The newest devices, procedures and research projects are paving new paths for patients with heart rhythm disorders like atrial fibrillation and ventricular arrhythmia.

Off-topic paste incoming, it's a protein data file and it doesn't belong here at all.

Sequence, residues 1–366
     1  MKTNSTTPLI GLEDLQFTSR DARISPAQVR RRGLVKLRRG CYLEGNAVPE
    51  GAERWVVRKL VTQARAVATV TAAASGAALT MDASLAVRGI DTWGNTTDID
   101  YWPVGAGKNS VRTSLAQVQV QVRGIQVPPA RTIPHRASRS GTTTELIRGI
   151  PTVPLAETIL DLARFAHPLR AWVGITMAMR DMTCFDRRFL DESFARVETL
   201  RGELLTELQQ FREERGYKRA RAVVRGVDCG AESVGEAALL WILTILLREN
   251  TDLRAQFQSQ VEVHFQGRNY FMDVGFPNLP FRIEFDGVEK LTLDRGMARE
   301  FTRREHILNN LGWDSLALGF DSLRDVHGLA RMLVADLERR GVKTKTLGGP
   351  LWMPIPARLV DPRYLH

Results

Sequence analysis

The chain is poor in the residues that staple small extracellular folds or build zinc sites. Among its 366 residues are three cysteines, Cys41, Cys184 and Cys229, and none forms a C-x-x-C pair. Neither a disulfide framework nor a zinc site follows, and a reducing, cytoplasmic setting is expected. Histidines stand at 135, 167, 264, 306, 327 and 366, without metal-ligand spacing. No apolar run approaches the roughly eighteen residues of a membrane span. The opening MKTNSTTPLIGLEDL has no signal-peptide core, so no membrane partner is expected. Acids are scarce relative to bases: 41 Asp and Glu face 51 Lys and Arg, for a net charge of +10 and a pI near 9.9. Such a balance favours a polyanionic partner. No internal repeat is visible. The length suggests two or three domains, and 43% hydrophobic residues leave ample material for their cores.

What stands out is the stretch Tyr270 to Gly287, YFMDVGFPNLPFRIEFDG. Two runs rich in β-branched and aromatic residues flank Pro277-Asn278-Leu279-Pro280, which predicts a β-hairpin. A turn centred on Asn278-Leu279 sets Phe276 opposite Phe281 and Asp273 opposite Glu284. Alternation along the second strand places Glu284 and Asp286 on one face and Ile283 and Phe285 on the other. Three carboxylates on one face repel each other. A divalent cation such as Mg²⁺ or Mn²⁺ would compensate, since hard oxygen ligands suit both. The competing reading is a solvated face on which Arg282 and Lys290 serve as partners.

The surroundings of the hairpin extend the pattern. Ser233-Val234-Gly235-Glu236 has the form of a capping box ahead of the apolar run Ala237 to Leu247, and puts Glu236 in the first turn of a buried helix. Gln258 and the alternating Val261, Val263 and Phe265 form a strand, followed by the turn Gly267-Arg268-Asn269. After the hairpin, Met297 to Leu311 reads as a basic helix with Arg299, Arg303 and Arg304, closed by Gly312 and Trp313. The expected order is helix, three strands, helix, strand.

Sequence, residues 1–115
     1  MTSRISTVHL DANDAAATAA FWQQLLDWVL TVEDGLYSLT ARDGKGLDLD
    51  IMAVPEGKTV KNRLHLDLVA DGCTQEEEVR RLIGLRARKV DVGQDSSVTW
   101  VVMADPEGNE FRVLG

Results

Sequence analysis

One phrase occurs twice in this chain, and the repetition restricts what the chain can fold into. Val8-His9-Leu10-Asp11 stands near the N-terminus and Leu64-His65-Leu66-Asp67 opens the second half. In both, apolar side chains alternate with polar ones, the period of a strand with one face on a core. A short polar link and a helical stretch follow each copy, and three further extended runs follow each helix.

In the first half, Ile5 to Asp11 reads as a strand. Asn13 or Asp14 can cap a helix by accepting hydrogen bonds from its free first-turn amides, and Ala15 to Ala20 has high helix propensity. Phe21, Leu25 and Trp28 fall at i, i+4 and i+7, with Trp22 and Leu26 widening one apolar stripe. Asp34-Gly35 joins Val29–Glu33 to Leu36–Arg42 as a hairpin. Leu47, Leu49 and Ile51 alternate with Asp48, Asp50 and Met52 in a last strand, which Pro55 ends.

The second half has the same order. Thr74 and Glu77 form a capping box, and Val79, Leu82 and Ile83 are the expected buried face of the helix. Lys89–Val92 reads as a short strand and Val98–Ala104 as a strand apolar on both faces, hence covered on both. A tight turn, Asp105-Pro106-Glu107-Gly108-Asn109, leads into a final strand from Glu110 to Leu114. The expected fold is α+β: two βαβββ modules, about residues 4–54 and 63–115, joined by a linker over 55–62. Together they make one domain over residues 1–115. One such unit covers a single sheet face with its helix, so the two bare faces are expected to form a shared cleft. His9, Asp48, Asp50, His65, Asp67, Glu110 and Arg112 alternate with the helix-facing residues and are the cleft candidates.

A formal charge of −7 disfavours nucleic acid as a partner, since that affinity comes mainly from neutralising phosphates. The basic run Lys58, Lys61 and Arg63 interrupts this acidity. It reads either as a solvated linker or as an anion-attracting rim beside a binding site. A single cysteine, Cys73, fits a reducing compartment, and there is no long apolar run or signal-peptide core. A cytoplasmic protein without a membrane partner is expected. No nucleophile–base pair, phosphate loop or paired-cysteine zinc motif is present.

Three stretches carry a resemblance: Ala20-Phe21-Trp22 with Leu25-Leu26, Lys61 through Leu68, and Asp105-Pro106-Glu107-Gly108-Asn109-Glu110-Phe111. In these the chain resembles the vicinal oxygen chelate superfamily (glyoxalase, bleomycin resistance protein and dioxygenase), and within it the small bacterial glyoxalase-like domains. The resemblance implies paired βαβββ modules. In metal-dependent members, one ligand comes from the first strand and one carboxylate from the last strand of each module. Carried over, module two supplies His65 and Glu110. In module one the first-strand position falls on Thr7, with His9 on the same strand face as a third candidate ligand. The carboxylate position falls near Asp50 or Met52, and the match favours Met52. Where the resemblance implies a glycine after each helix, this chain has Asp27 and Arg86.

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related article. Cardiac electrophysiology is a sub specialty of cardiology that really deals with patients with heart rhythm related disorders. So either in many cases prevention of certain disorders or active treatment of patients that are born with a cardiac rhythm problem or acquire a cardiac rhythm problem over the course of their lives. The most common condition we treat is amongst an older population, which is atrial fibrillation, the most common cardiac rhythm problem worldwide, but we also deal with patients that are born with certain congenital arrhythmias or rhythm problems. The majority of of procedures that we do in the heart rhythm world or this space of electrophysiology is really what's called catheter ablation. So, using catheters in a minimally invasive way, going generally from veins in the groin, up into the heart to map out and find areas that are leading to heart rhythm disorders and essentially, a blading or getting rid of that abnormal tissue that causes the problem. One of the dramatic developments within the treatment of slow heart rhythm disorders has been the development of pacemakers that are completely lied. Lys, miniaturizing all of the components of a pacemaker into a very small device which is actually implanted within the heart tissue embedded within the heart tissue and left there. And this device is about the size of a quarter, even narrower than the size of a quarter, and is meant to be placed within the right lower chamber of the heart, providing all of the pacing technologies that a standard pacemaker has without all the long term complications, the number one kind of morbidity or problem with atrial fibrillation may not be the rhythm itself per se, but the risk that it puts patients out for stroke. So about 20 to 25% of all the strokes in the United States are related directly to clot formation during or after these rhythm disorders. So in some patients that can't tolerate taking blood thinning medicines for life, we have these devices that can occlude or close the left atrial appendage And prevent them from having clot formation or future strokes and not having to take blood thinners, which have many side effects. And in some patients, so those are just a number of examples of newer therapies that have emerged really within the last 5 to 10 years, uh and the future going forward is very bright.